Rheumatic Fever Treatment & Management
- Author: Mark R Wallace, MD, FACP, FIDSA; Chief Editor: Michael Stuart Bronze, MD more...
Management and prevention of acute rheumatic fever (ARF) can be divided into the following 4 approaches.
Treatment of the group A streptococcal infection that led to the disease
Although never proven to improve the one-year outcome, this is a standard practice.[1, 6] It may at least serve to reduce the spread of rheumatogenic strains.
General treatment of the acute episode
Anti-inflammatory agents are used to control the arthritis, fever, and other acute symptoms. Salicylates are the preferred agents, although other nonsteroidal agents are probably equally efficacious. Steroids are also effective but should probably be reserved for patients in whom salicylates fail. None of these anti-inflammatory agents has been shown to reduce the risk of subsequent rheumatic heart disease.
Bed rest is a traditional part of ARF therapy and is especially important in those with carditis. Patients are typically advised to rest through the acute illness and to then gradually increase activity; some clinicians monitor the patient’s ESR and restart activity only as it normalizes.[6, 1]
Intravenous immunoglobulin has not been shown to reduce the risk of rheumatic heart disease or to substantially improve the clinical course.
Chorea is usually managed conservatively in a quiet nonstimulatory environment; valproic acid is the preferred agent if sedation is needed. Intravenous immunoglobulin, steroids, and plasmapheresis have all been used successfully in refractory chorea, although conclusive evidence of their efficacy is limited.[6, 18]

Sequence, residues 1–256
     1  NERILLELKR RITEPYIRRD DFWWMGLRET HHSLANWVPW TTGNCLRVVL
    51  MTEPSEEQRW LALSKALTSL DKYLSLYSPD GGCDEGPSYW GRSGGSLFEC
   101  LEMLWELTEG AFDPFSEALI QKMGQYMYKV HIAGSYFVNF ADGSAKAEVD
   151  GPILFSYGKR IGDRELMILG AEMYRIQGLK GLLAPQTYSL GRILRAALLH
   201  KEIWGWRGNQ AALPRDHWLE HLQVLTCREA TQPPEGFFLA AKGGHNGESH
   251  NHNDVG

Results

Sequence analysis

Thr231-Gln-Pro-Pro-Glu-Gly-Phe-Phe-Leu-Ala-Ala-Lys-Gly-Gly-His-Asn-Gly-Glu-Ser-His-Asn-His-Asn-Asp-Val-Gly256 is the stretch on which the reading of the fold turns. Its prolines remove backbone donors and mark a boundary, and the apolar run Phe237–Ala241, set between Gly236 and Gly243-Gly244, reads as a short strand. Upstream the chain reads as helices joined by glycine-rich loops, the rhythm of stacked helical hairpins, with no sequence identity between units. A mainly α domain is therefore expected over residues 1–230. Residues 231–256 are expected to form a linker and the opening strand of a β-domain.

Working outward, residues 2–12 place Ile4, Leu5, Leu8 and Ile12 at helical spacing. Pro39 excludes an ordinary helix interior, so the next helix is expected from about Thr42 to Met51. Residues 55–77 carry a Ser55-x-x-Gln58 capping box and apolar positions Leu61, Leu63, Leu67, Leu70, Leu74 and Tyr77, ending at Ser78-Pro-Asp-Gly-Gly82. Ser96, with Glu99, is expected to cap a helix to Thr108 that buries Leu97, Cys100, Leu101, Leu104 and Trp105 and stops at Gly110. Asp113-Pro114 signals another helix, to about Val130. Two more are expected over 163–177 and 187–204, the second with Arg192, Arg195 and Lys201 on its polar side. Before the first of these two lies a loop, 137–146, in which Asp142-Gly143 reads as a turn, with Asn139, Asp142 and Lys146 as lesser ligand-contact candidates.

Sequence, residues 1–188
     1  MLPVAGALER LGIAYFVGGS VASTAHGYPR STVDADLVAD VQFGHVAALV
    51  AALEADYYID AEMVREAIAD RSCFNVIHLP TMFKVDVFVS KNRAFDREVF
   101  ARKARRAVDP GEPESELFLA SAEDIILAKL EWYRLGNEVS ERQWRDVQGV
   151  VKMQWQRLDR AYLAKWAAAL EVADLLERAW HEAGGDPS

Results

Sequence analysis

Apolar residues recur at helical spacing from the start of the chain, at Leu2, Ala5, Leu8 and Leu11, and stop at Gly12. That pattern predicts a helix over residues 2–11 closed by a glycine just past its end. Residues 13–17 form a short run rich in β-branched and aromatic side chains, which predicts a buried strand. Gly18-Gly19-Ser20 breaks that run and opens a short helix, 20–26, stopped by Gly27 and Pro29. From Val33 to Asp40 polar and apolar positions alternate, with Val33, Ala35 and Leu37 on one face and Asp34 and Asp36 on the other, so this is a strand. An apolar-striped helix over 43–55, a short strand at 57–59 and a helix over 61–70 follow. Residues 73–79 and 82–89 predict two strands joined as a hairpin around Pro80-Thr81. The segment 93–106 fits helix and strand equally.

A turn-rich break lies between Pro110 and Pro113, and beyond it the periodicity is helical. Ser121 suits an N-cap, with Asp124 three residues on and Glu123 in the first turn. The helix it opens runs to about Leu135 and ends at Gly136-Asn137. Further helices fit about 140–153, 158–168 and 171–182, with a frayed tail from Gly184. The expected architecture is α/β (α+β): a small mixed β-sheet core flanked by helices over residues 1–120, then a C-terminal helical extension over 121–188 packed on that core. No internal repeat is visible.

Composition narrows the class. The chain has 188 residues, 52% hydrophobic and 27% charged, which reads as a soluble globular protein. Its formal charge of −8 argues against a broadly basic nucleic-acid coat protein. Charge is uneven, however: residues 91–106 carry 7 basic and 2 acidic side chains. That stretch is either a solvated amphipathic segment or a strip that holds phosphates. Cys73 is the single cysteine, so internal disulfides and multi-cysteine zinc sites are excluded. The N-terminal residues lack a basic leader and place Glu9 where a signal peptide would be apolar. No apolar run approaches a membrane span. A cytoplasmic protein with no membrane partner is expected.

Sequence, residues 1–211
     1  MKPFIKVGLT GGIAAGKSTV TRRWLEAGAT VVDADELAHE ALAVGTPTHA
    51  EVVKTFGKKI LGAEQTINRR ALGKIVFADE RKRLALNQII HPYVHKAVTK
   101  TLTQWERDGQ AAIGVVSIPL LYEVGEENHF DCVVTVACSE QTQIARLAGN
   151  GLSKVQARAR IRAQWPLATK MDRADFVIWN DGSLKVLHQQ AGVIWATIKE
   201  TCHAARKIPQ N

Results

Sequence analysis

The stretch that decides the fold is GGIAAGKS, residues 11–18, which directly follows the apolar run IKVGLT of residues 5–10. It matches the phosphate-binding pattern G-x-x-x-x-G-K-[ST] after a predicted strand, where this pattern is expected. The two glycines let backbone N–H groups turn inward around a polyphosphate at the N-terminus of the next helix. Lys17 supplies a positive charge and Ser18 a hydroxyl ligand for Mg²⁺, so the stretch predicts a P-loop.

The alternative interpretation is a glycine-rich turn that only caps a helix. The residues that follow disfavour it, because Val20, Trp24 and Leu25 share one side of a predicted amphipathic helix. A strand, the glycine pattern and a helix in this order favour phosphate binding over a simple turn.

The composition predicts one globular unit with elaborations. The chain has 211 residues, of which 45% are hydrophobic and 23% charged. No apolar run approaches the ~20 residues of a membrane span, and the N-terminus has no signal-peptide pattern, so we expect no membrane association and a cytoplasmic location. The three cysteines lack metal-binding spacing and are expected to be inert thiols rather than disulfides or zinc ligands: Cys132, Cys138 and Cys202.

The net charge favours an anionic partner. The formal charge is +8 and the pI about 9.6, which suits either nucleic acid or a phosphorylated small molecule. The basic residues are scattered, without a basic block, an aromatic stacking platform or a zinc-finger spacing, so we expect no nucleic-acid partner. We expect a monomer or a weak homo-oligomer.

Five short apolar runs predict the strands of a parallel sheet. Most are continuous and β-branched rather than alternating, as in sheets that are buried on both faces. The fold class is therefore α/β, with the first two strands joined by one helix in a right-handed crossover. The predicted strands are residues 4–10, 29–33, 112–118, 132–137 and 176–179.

Bed rest is essential in patients with cardiac involvement. Carditis resulting in heart failure is treated with conventional measures; some use corticosteroids for severe carditis, although data to support this are scant. Diuretics are the mainstay of therapy. Monitor for development of arrhythmias in patients with active myocarditis.
For details about penicillin prophylaxis, see Medication.
Surgical care is not typically indicated in ARF. Surgical intervention is required only to treat long-term valvular cardiac sequelae of ARF that cause stenosis.
Consultation with a cardiologist may be required to manage heart blocks and CHF.
Consultation with a neurologist or psychiatrist may be required to confirm the diagnosis of chorea and to assist in its management.
Consultations with an infectious disease specialist and rheumatologist may be helpful in diagnosis.
No specific dietary recommendation exists. CHF may require salt restriction.
Bed rest is a time-honored part of ARF therapy and is especially important in those with carditis. Patients are typically advised to rest through the acute illness and to then gradually increase activity; some clinicians monitor the ESR and restart activity only as it normalizes.[1, 6]
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